Function deployments that require a GPU will need to have the nvidia runtimeClass set. OpenFaaS uses profiles to support adding additional Kubernetes specific configuration to function deployments.

Create a new OpenFaaS Profile to set the runtimeClass:

cat > gpu-profile.yaml <<EOF
kind: Profile
  name: gpu
  namespace: openfaas
  runtimeClassName: nvidia
kubectl apply -f gpu-profile.yaml

Profiles can be applied to a function through annotations. To apply the gpu profile to a function you need to add an annotation com.openfaas.profile: gpu to the function configuration.

Create a GPU accelerated function

In this section we will create a function that runs the Whisper speech recognition model to transcribe an audio file.

Every OpenFaaS function is built into Open Container Initiative (OCI) format container image and published into a container registry, then when it’s deployed a fully qualified image reference is sent to the Kubernetes node. Kubernetes will then pull down that image and start a Pod from it for the function.

OpenFaaS supports various different languages through the use of its own templates concept. The job of a template is to help you create a container image, whilst abstracting away most of the boiler-plate code and implementation details.

The Whisper model is available as a python package. We will be using a slightly adapted version of the python3-http template called python-http-cuda to scaffold our function. To provide the CUDA Toolkit from NVIDIA the python3-http-cuda template uses nividia/cuda instead of Debian as the base image.

Create a new function with the OpenFaaS CLI then rename its YAML file to stack.yml. We do this so we don’t need to specify the name using –yaml or -f on every command.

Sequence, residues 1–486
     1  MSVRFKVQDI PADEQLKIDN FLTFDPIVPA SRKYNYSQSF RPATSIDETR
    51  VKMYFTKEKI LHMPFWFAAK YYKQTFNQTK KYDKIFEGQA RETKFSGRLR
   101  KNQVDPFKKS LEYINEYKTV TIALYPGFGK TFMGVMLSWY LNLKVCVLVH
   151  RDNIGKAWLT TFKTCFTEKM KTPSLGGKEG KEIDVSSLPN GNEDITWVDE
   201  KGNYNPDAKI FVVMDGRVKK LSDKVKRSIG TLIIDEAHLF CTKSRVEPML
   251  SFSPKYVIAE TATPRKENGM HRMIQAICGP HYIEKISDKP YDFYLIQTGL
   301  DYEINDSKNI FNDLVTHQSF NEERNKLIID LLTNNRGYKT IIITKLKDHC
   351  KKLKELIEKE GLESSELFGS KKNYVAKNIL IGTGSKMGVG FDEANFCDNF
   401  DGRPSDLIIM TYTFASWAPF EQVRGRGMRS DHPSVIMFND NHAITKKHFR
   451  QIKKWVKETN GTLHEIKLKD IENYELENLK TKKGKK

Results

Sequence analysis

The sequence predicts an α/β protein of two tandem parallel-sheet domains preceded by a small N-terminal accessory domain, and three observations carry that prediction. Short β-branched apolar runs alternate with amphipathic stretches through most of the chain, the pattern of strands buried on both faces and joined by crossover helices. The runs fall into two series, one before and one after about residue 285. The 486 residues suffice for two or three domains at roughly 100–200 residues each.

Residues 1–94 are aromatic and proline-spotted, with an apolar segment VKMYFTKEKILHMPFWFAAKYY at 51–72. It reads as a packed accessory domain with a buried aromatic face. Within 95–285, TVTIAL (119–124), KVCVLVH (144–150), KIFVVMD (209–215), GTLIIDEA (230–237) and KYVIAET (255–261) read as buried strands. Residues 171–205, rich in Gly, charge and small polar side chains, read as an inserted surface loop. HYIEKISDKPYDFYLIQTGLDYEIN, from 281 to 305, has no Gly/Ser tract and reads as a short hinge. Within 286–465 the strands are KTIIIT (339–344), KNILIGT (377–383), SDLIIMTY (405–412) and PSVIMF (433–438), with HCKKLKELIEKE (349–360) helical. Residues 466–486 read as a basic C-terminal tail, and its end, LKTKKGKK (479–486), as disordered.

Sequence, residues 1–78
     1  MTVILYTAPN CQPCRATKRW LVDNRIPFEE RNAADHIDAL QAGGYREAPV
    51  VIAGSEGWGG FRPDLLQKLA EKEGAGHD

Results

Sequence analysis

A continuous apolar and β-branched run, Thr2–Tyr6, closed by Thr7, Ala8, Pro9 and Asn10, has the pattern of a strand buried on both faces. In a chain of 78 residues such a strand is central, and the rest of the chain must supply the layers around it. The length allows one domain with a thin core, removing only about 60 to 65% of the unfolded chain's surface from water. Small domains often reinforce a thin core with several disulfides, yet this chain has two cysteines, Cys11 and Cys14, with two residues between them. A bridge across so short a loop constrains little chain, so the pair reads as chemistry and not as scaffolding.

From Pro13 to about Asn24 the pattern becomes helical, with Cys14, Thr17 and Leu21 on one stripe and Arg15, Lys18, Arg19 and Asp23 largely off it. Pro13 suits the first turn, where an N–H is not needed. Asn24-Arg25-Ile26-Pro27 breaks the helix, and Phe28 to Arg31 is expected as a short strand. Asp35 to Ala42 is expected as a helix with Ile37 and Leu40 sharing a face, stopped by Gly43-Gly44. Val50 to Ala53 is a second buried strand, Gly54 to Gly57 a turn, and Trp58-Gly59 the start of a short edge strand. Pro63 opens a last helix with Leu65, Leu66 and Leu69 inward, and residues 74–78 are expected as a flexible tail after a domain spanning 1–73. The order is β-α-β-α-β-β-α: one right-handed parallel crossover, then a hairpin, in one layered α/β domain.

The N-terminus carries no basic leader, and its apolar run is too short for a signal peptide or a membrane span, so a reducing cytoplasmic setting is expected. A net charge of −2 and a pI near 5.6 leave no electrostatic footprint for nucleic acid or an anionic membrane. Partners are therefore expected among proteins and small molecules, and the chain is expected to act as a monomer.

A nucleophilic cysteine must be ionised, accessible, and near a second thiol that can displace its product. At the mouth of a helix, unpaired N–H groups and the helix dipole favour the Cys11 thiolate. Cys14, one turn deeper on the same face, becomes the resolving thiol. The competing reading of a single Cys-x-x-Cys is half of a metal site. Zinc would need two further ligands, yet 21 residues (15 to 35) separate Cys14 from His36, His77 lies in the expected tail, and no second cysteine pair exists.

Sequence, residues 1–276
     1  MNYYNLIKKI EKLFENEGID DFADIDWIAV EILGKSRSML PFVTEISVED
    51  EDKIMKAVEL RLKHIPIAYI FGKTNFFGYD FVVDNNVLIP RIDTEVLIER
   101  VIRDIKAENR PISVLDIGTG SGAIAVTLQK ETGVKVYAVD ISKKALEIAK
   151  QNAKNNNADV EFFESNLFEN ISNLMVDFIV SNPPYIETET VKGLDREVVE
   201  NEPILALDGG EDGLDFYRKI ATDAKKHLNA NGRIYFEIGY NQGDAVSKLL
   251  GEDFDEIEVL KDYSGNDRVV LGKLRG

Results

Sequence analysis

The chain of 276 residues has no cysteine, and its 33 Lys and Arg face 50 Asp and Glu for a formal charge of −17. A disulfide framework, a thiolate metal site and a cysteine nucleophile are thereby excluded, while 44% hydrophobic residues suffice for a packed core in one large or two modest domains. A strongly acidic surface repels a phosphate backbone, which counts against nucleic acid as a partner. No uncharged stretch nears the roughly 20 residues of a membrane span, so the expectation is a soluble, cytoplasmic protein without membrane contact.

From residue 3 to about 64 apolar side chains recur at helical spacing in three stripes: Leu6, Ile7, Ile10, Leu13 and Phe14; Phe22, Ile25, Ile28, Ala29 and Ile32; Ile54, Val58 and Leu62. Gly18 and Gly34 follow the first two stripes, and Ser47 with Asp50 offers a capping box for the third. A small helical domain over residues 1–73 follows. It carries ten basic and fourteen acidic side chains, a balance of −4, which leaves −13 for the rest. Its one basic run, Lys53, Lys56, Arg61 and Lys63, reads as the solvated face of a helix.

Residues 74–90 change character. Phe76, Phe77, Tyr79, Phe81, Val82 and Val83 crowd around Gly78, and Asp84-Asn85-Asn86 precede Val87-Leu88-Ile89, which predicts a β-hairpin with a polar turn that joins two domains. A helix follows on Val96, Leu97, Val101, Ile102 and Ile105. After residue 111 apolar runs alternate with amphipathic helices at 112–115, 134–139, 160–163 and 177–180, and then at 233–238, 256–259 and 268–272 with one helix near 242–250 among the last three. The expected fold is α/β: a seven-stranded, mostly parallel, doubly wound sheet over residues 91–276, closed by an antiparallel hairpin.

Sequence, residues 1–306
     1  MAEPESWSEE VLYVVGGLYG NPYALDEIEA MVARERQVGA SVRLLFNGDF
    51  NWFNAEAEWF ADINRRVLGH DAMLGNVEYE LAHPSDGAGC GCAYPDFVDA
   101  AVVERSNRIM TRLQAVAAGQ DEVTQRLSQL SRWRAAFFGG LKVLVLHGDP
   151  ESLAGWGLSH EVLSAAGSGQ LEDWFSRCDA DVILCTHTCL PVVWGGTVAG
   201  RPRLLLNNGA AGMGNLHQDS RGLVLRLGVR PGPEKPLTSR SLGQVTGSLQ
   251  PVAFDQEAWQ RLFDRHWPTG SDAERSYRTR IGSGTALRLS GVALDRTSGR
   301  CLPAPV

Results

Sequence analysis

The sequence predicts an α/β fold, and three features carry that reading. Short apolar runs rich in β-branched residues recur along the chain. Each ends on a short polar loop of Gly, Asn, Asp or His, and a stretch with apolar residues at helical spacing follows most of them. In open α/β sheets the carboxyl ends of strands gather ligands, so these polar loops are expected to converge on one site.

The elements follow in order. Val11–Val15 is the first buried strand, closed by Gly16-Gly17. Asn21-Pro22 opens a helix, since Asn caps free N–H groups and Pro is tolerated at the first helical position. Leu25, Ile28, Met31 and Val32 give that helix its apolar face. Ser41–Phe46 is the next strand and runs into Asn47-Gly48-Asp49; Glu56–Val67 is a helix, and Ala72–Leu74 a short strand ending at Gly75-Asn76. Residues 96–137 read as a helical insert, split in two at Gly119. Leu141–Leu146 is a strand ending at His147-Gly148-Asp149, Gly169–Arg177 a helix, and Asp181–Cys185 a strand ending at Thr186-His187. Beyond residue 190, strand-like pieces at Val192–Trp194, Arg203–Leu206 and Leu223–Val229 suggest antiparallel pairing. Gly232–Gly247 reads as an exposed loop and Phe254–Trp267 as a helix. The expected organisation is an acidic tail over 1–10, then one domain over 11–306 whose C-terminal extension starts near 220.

# Change this line to your own registry

# Pull the python templates
faas-cli template pull

# Scaffold a new function using the python3-http-cuda template
faas-cli new whisper --lang python3-http-cuda

# Rename the function configuration file to stack.yaml
mv whisper.yaml stack.yaml

The function handler whisper/ is where we write our custom code. In this case the function retrieves an audio file from a url that is passed in through the request body. Next the whisper model transcribes the audio file and the transcript is returned in the response.

import tempfile
from urllib.request import urlretrieve

import whisper

def handle(event, context):
    models_cache = '/tmp/models'
    model_size = "tiny.en"

    url = str(event.body, "UTF-8")
    audio = tempfile.NamedTemporaryFile(suffix=".mp3", delete=True)

    model = whisper.load_model(name=model_size, download_root=models_cache)
    result = model.transcribe(
    return (result["text"], 200, {'Content-Type': 'text/plain'})

The first time the function is invoked it will download the model and save it to the location set in the models_cache variable, /tmp/models. Subsequent invocations of the function will not need to refetch the model.

It is good practice to make your function only write to the /tmp folder. This way you can make the function file system read-only. OpenFaaS supports this by setting readonly_root_filesystem: true in the stack.yaml file. Only the temporary /tmp folder will still be writable. This prevents the function from writing to or modifying the filesystem and provides tighter security for your functions.

Before we can build, deploy and run the function there are a couple of configuration settings that we need to run through.

Add runtime dependencies

Our function handler uses the openai-whisper python packages. Edit the whisper/requirements.txt file and add the following line:


The whisper package also requires the command-line tool ffmpeg for audio transcoding. It needs to be installed in the function container. The OpenFaaS python3 templates support specifying additional packages that will be installed with apt through the ADDITIONAL_PACKAGE build arguments.

Update the stack.yaml file:

    lang: python3-http-cuda
    handler: ./whisper
    image: whisper:0.0.1
+    build_args:
+      ADDITIONAL_PACKAGE: "ffmpeg"

Apply profiles

The function will need to use the alternative nvidia runtime class in order to use the GPU. This can be applied by using the OpenFaaS gpu profile created earlier. Add the com.openfaas.profile: gpu annotations to the stack.yaml file:

    lang: python3-http-cuda
    handler: ./whisper
    image: whisper:0.0.1
+    annotations:
+      com.openfaas.profile: gpu

Configure timeouts